This coming on the clouds in judgment was accomplished in 70 A.D. and is not the Second Coming.

Christ’s Exaltation Coming

At this point, what I’m trying to make clear is that Jesus has many types of comings, the most famous is the Second Coming. But there is one more “coming” that we have not discussed. And this is where my ah-ha, eye-opening moment came. It actually revolves around His ascension as recorded by Luke in Acts  1:9

Now when He had spoken these things, while they watched, He was taken up, and a cloud received Him out of their sight.

Now this is where we have a use of the term “cloud” that is not referring to judgment.

Here is the key exaltation passage which comes in the Old Testament through the prophet Daniel:

“I was watching in the night visions,
And behold, One like the Son of Man,
Coming with the clouds of heaven!
He came to the Ancient of Days,
And they brought Him near before Him.
14 Then to Him was given dominion and glory and a kingdom,
That all peoples, nations, and languages should serve Him.
His dominion is an everlasting dominion,
Which shall not pass away,
And His kingdom the one
Which shall not be destroyed (Daniel 7:13-14). 

Immediately, the futurist will say that this passage is pointing to the Second Coming. But it isn’t. The natural reading is that He is coming to the Ancient of Days. He is not departing the Ancient of Days. He is coming to the Ancient of Days to receive power, honor, glory, and dominion over all the earth.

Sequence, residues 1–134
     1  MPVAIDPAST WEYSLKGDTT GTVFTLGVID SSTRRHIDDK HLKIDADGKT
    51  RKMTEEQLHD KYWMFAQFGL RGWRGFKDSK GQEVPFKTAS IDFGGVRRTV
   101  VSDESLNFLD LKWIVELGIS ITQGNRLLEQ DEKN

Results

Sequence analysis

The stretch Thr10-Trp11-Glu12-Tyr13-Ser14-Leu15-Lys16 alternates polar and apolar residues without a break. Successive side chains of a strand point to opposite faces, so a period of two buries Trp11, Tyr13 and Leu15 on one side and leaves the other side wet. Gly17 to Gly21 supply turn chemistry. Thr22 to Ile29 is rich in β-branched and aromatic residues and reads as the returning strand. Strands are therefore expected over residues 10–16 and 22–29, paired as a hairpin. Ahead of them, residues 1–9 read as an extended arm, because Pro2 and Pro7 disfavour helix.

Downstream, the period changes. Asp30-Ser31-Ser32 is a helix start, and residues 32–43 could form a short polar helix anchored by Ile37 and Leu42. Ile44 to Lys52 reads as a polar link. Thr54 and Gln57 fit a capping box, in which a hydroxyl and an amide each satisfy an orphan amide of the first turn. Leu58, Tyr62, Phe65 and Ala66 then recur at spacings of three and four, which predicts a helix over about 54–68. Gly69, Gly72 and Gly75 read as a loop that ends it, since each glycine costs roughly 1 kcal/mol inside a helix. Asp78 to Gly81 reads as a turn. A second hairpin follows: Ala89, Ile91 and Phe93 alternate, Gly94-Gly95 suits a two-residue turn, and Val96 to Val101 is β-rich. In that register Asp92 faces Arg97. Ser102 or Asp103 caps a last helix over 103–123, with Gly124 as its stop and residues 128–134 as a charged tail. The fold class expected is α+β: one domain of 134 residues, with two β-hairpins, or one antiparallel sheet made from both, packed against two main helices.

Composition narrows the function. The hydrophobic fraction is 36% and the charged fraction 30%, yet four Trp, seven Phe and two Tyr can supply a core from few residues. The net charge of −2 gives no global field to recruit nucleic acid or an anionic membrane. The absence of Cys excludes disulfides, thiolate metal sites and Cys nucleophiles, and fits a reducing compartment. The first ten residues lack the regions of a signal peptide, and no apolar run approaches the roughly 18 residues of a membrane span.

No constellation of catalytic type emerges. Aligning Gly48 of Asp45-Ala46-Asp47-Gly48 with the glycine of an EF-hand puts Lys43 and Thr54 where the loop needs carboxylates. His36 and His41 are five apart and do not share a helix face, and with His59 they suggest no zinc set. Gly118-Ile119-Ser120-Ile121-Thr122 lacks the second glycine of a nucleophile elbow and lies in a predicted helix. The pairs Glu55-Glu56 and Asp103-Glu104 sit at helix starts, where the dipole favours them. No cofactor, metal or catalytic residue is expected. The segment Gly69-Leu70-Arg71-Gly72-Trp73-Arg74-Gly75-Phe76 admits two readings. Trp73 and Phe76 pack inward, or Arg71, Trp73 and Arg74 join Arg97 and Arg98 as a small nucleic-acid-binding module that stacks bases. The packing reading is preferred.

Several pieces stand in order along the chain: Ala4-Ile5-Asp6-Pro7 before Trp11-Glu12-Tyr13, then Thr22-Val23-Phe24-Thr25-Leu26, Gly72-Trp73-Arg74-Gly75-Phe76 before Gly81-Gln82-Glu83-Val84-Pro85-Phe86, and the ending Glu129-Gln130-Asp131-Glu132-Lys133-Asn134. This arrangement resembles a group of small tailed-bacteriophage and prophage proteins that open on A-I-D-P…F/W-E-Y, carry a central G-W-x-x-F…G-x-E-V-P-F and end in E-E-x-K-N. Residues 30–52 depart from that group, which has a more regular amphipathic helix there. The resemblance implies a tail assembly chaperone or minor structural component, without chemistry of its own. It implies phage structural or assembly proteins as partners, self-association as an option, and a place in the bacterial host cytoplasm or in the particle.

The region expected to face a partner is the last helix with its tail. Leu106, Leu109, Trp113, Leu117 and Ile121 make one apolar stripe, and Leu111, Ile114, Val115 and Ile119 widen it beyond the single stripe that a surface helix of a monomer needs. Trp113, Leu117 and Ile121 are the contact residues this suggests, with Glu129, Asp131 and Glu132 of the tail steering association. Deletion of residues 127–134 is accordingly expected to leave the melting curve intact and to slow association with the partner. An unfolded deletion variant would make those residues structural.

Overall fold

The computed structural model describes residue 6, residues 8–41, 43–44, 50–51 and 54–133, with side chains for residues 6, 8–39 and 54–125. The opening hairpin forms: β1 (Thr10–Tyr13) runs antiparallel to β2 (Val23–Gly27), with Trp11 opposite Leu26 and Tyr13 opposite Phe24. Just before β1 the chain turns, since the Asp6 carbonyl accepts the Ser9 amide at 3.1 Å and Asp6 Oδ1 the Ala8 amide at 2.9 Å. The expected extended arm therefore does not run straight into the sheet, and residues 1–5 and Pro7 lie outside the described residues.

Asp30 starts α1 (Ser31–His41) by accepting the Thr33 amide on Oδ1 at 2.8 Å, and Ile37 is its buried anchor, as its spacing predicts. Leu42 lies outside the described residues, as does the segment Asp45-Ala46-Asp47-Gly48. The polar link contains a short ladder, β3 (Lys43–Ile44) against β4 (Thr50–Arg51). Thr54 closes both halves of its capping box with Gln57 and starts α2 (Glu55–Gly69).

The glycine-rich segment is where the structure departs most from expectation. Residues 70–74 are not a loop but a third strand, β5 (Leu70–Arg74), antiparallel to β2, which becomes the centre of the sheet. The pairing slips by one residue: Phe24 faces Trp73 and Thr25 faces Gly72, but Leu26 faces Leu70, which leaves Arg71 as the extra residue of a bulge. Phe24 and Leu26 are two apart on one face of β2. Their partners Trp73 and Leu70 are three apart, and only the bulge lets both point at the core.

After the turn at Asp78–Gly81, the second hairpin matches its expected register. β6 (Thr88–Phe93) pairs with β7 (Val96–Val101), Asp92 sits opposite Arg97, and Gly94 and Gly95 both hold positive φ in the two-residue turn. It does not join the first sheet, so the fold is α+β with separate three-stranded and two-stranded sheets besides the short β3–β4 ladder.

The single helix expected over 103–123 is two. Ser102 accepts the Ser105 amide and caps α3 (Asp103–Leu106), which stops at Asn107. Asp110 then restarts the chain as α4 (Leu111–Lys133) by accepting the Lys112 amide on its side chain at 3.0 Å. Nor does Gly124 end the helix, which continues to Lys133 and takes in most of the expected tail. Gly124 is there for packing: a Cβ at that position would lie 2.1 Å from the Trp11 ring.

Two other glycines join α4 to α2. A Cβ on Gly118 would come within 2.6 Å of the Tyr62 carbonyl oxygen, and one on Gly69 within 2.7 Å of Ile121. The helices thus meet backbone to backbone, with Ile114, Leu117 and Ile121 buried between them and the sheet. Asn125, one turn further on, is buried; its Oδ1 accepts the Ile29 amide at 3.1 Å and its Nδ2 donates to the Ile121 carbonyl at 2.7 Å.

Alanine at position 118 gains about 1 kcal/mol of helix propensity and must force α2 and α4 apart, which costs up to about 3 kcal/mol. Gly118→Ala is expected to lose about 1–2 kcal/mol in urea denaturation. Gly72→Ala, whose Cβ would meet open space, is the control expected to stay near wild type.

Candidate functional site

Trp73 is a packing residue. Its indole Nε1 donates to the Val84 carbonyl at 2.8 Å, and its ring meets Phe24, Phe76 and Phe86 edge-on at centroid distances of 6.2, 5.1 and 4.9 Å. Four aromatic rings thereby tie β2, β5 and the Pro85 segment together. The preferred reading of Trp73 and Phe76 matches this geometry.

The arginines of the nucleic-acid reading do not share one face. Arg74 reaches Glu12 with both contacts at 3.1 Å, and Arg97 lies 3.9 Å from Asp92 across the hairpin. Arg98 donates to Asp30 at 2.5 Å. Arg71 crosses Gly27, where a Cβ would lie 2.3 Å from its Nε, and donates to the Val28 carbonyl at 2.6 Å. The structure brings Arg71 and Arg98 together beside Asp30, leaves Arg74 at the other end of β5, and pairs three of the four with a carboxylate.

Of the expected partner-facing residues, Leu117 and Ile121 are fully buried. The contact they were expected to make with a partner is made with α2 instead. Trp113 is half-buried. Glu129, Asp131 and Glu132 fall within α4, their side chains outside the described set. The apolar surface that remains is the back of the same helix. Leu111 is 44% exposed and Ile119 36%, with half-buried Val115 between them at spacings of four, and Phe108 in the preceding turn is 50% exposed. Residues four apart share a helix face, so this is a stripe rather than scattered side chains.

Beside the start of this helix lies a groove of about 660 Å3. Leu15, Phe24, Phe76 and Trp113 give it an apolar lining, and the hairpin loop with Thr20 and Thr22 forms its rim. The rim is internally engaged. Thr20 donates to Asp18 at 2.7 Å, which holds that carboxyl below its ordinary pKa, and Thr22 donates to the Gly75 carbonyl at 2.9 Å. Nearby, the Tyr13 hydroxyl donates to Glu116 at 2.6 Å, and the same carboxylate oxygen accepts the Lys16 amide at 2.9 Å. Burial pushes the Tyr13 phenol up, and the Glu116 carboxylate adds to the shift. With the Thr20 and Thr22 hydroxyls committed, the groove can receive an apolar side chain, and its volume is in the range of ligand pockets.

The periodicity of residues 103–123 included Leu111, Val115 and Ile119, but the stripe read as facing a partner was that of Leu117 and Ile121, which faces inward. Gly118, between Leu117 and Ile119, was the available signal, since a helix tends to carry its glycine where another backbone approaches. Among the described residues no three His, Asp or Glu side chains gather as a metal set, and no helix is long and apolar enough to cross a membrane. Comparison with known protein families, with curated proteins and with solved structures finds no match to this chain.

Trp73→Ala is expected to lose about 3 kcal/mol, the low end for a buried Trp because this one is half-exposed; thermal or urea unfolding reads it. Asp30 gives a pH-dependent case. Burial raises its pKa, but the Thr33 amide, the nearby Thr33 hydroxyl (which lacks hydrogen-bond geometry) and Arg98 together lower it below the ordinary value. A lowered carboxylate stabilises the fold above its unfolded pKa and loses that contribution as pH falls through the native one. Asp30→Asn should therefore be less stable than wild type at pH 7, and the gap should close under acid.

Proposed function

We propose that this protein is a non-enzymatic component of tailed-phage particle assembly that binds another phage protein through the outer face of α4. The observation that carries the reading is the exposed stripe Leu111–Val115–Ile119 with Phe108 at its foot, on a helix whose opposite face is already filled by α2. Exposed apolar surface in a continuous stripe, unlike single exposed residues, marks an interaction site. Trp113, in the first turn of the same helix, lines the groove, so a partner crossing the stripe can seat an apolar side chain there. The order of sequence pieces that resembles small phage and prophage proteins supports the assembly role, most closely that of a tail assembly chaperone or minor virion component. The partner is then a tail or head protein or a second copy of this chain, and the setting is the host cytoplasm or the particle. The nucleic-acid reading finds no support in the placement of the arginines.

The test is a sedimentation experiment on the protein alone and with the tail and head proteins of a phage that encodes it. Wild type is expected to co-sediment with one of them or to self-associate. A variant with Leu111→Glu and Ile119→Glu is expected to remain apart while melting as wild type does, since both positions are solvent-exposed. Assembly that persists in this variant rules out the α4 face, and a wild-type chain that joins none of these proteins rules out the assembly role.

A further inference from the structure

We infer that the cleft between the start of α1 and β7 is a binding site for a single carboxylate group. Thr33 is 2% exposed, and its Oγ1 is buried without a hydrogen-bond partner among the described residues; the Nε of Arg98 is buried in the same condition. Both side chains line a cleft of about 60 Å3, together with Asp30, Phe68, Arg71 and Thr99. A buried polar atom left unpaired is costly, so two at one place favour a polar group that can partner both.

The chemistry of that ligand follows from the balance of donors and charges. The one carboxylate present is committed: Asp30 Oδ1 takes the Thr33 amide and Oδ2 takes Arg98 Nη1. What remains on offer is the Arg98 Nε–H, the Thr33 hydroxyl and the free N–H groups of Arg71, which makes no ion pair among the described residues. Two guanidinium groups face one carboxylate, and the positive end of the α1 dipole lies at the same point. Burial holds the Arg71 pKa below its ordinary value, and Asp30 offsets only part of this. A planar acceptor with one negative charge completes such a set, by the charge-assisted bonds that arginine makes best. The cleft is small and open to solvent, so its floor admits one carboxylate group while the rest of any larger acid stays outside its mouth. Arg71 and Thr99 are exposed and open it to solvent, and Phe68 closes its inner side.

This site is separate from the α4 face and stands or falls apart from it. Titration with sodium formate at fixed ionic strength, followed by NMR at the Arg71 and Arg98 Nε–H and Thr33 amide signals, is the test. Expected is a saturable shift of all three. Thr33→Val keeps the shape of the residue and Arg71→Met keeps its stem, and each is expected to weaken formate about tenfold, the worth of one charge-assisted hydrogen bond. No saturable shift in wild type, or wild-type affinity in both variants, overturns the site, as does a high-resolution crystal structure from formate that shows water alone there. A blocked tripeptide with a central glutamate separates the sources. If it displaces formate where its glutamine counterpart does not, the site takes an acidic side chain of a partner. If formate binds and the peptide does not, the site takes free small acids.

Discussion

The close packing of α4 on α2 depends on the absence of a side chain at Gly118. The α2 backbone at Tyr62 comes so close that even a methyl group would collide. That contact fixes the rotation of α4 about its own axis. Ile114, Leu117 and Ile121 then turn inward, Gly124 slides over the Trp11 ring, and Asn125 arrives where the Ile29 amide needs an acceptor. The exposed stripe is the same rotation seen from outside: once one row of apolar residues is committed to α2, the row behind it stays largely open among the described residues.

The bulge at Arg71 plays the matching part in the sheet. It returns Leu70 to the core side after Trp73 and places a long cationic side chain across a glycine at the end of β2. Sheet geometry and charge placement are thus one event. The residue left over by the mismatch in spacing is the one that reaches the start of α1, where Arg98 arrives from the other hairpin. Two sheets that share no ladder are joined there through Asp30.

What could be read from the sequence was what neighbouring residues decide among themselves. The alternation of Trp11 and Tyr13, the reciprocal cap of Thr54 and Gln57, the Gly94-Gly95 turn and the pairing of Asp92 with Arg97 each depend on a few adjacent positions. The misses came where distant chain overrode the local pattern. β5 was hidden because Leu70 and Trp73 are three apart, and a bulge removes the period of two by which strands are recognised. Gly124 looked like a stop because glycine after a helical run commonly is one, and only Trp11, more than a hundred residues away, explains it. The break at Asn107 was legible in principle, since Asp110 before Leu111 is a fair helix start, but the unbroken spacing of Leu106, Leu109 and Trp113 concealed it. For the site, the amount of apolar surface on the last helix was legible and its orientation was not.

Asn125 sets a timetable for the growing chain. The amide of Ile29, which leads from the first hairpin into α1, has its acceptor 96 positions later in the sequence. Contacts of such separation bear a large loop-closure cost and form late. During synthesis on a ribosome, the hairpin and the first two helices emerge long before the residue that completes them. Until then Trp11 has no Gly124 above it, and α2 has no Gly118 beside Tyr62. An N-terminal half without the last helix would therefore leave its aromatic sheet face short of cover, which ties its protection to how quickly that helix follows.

Ephesians 1:20-21 shows us that He has power now.

…which He worked in Christ when He raised Him from the dead and seated Him at His right hand in the heavenly places, 21 far above all principality[a] and [b]power and [c]might and dominion, and every name that is named, not only in this age (the Old Covenant and the New Covenant) but also in that which is to come…

If the futurist were correct, Jesus would be leaving the Ancient of Days, descending to earth for the final judgment, and the destruction of death.